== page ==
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Civil rights leader, Atlanta businessman dies

10:44 AM, Dec 18, 2012   |    comments
Jesse Hill Jr. (r) speaks with Coca-Cola chairman Neville Isdell in downtown Atlanta at the site of the future Center for Civil and Human Rights in 2008. (USA TODAY/Jenni Girtman, Center for Civil and Human Rights)
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ATLANTA -- Jesse Hill Jr., a civil rights leader who helped start Atlanta's first black community newspaper in 1960, has died. He was 86.

Hill and other civil rights leaders founded the Atlanta Inquirer and he served as publisher until 1985. Inquirer Deputy Editor David Stokes says Hill's wife contacted the paper with news of his death Monday.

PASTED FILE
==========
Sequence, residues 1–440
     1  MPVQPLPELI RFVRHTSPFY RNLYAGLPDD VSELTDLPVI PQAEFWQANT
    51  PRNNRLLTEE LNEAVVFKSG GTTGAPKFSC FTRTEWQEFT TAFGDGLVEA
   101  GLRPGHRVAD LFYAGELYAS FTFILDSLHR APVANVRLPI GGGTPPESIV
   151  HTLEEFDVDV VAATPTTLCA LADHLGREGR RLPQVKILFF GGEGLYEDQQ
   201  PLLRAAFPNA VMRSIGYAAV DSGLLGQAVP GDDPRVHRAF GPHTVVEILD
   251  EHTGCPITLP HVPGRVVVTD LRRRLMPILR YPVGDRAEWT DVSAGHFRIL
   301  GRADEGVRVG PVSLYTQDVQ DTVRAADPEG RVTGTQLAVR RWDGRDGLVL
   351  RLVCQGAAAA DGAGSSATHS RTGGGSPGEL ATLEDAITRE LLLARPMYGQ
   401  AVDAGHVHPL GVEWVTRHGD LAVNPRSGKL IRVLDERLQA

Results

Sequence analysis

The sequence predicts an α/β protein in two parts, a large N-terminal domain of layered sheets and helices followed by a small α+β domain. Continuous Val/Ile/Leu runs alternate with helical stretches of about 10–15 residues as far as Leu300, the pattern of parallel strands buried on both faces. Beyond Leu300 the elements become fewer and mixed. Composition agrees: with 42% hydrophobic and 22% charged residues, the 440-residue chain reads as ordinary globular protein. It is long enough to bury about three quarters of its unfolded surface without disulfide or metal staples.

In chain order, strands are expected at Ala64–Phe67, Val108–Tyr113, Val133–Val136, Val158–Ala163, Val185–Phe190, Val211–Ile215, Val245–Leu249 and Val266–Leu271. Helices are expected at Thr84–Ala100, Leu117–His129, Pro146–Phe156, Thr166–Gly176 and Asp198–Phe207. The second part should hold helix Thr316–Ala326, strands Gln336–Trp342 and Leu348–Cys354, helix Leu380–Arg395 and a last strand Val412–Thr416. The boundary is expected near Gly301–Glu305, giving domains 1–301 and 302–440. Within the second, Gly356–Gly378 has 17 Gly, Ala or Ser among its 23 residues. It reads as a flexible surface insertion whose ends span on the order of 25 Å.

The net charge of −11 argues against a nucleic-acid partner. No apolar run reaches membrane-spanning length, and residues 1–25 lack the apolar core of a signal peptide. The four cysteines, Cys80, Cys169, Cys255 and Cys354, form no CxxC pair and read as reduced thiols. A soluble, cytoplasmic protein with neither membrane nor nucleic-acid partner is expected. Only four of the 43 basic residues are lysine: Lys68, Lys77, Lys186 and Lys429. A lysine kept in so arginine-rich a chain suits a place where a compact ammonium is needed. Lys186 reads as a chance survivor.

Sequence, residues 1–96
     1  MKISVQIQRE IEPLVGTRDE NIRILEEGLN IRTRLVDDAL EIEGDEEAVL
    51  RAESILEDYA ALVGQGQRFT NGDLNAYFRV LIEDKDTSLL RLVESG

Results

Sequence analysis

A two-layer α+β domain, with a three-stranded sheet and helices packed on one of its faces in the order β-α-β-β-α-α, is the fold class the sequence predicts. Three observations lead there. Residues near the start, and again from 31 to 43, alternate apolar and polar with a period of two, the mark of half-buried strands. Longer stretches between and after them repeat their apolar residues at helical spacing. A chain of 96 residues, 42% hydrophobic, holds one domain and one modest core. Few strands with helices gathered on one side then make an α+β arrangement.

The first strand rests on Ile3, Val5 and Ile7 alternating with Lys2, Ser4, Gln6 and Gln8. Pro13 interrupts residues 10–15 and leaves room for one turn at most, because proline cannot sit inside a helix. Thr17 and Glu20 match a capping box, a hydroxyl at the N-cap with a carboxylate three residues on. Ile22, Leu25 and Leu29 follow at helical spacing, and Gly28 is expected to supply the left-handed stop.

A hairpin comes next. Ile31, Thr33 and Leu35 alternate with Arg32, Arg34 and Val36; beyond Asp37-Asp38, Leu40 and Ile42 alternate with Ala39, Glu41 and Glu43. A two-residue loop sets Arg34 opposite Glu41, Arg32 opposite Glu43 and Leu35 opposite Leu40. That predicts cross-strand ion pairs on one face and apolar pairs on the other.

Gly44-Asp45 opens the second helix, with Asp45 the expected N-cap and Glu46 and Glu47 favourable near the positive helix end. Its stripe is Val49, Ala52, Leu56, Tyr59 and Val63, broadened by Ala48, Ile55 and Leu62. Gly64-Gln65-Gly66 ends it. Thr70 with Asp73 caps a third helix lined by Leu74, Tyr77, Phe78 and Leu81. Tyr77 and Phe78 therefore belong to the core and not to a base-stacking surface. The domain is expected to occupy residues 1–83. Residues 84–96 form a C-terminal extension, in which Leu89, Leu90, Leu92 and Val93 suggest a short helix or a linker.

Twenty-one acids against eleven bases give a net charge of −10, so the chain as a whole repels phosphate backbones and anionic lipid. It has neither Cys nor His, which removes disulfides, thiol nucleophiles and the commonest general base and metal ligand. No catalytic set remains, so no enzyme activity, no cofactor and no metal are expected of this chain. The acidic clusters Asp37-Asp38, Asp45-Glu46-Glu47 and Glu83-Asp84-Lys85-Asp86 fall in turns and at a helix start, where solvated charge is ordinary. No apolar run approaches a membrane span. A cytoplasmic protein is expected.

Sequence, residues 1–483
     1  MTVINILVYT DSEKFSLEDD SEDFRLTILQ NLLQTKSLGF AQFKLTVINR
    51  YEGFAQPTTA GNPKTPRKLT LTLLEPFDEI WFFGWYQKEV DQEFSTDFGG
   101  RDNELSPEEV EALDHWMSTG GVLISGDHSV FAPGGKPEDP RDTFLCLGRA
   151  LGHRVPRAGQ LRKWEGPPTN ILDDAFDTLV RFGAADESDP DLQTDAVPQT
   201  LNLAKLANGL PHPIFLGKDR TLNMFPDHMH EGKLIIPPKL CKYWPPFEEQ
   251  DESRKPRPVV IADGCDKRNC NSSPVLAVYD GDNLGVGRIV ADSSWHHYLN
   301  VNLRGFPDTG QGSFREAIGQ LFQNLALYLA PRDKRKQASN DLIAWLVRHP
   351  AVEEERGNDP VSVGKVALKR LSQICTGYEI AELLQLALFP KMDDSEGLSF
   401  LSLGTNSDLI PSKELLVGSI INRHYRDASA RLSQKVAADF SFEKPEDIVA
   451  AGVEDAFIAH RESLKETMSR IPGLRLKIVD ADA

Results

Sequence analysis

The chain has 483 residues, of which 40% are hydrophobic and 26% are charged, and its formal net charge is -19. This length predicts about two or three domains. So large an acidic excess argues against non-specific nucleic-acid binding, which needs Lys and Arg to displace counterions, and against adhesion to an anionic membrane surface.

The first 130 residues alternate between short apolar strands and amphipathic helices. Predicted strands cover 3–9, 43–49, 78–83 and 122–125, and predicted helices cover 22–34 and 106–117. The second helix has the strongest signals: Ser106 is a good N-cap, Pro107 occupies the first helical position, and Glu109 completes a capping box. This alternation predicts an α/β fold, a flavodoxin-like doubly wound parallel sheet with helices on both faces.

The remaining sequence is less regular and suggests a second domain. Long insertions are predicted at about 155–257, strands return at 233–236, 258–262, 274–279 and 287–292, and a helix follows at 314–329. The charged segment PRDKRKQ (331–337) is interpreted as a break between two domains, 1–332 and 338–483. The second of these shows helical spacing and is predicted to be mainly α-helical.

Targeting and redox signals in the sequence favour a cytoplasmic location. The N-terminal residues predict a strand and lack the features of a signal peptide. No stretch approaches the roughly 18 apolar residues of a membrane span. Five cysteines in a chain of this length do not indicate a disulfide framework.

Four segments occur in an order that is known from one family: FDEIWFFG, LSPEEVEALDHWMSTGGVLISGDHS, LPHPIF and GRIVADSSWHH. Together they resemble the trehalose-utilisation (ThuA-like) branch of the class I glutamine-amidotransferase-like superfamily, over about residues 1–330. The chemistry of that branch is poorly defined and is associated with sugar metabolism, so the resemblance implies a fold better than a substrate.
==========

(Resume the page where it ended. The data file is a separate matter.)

Hill was born in St. Louis and served on the board of directors for a diverse set of companies and nonprofits. He worked for the Atlanta Life Insurance Company as an actuarial assistant and became the first African-American president of the Atlanta Chamber of Commerce, now called the Metro Atlanta Chamber.

During the civil rights movement, he helped organize demonstrations and collected bail money for arrested protesters.

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